Industrial Revolution Causes of World War I and II, the Consequences of Versailles

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Causes of World War I

Nationalism

  • The French revolution gave birth to the feeling of nationalism which saw a fast development after Vienna congress. Nationalism inspired in formation of new states but also led to form of violent nationalism causing mutual differences among various states. The growing feeling of distorted patriotism caused hatred and malice among the nations and made nationalism aggressive.

  • This tendency towards nationalism demanded redrawing of European map on the principle of ‘one nation one state’. The feeling of nationalism made all the countries of the world eager to clash with each other.

Militarism

  • Violent nationalism, economic competition and international tension led to the growth of militarism, helped by the jealous and suspicious outlook of each state with other. Military strength became synonymous with national prestige and every state began to increase her military power. E.g. when Germany began to strengthen its naval power, it became challenge for England and thus leading to naval competition between the two.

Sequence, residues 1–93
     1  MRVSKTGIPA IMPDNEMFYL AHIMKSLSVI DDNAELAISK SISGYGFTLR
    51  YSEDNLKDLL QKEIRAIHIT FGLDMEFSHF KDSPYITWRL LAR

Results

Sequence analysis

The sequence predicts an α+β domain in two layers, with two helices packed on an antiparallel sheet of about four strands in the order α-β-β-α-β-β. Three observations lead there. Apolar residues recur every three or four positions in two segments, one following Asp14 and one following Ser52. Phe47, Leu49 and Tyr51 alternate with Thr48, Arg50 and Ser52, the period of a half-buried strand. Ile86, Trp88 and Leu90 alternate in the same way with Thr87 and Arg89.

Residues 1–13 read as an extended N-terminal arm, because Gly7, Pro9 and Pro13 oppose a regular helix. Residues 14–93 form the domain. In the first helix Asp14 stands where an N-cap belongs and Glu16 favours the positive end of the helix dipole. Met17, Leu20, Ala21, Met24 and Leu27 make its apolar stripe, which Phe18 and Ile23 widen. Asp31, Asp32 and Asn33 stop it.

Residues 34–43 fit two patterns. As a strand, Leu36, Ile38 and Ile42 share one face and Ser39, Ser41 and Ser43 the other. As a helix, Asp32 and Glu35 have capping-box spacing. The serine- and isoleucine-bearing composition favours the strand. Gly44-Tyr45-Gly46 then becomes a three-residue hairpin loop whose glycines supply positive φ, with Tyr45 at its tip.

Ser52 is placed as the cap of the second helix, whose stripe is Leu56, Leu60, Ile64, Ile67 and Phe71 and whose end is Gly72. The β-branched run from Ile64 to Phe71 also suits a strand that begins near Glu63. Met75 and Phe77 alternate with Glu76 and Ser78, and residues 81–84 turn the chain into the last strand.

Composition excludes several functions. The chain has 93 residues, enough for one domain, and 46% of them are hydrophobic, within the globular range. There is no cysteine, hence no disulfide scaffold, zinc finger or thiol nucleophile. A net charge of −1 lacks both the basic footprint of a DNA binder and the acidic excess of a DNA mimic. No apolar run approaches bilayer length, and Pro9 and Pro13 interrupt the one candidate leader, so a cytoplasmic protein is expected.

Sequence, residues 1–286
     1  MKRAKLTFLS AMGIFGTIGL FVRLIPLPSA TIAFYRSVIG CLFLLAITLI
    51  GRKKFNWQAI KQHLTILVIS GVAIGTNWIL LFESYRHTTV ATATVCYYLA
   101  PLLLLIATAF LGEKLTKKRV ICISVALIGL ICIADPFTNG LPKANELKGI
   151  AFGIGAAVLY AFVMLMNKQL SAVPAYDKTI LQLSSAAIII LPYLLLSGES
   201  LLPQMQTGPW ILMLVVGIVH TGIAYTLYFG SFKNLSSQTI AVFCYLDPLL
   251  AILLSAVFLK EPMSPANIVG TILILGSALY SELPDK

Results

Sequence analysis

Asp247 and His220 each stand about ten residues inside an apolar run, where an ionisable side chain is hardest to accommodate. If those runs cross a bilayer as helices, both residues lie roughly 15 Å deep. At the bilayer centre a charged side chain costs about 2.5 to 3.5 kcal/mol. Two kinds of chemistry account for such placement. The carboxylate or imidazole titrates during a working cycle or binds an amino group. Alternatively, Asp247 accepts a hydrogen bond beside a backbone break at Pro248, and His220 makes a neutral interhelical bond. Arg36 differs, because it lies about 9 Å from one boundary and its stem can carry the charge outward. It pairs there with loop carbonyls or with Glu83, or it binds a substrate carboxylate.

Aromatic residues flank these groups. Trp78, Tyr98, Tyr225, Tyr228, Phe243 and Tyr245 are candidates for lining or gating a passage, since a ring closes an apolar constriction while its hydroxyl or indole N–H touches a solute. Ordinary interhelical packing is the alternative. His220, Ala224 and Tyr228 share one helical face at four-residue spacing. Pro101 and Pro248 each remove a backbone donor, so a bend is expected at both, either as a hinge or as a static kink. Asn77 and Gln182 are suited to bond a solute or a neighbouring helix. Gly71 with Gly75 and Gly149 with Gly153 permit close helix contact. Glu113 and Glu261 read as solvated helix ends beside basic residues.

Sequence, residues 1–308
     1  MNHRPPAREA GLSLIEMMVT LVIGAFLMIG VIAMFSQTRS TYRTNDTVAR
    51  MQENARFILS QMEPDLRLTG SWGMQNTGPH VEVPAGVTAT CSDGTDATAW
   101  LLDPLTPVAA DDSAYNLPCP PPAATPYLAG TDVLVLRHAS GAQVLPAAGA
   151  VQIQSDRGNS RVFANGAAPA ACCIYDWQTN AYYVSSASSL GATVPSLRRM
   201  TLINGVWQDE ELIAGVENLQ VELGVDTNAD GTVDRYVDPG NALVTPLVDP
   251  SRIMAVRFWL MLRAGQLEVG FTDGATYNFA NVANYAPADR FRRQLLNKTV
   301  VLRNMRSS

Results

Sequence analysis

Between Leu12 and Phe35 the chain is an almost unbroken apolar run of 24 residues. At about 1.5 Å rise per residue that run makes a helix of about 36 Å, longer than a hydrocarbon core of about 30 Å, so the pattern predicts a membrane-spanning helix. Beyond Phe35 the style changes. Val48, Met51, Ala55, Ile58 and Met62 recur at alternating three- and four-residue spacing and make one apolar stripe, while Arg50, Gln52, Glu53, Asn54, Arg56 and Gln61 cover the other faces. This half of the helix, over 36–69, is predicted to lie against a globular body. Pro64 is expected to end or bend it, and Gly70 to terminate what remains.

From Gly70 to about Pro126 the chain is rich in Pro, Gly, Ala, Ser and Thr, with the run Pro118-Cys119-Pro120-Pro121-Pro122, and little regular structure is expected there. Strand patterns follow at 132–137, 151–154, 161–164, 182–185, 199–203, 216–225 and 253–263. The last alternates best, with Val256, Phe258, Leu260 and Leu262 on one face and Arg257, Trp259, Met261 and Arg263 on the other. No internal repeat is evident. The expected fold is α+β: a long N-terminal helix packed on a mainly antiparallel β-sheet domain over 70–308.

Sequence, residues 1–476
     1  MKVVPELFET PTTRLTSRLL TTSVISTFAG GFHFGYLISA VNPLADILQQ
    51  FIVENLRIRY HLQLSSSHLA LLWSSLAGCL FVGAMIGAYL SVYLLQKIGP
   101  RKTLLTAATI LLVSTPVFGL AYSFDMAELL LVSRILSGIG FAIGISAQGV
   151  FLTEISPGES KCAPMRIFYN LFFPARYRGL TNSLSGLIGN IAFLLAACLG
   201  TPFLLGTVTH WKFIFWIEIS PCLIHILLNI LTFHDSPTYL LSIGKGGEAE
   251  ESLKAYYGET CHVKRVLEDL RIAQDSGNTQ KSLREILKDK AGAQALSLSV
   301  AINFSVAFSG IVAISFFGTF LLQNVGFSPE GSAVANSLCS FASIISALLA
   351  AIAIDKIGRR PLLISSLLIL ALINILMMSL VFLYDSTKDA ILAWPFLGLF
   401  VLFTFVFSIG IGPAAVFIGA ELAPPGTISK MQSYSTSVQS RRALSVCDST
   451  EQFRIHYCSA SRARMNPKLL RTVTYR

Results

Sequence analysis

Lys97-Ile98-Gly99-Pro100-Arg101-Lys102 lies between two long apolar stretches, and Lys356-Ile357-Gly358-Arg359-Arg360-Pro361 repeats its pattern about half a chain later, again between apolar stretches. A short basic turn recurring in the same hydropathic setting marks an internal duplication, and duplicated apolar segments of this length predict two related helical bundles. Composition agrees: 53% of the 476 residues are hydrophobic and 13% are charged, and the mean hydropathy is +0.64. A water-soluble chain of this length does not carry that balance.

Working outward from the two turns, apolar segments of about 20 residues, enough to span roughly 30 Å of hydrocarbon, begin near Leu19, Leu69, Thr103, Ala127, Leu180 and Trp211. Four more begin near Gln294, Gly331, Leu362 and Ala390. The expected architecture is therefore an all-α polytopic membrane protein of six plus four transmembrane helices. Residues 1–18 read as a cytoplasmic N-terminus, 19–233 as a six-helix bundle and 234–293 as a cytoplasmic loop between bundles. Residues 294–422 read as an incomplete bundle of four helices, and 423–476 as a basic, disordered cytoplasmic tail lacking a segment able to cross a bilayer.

• Even though military preparation were being made for self-defence, it gave rise to race for armaments, leading to fear, apprehension and mutual hatred. Militarism in European states affected the internal and foreign policies of the states, with a belief that international problems could be solved only through militarism.

Imperialism

  • The European powers had taken part in a great burst of imperialist expansion in the years after 1880.